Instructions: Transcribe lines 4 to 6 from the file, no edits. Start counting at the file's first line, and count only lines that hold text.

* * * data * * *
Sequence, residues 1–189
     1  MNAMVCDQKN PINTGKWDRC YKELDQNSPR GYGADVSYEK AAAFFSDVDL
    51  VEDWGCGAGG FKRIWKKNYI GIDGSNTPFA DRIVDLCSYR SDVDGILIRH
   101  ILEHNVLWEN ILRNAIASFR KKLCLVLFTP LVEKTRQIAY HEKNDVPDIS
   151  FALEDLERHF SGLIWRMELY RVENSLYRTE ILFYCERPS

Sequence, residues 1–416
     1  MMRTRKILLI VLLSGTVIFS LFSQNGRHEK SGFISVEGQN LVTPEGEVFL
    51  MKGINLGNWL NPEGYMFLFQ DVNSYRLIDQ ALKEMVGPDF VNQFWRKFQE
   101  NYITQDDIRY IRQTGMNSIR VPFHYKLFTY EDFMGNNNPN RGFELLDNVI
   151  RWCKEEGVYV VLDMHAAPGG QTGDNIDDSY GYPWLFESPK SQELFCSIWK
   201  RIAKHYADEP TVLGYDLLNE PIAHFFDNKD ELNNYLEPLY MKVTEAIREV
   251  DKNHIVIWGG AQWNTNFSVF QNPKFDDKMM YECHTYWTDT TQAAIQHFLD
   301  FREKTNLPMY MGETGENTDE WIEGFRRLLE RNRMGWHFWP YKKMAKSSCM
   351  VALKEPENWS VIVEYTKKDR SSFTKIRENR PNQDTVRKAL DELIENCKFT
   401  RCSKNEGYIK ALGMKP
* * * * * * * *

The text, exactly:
   101  ILEHNVLWEN ILRNAIASFR KKLCLVLFTP LVEKTRQIAY HEKNDVPDIS
   151  FALEDLERHF SGLIWRMELY RVENSLYRTE ILFYCERPS

Sequence, residues 1–416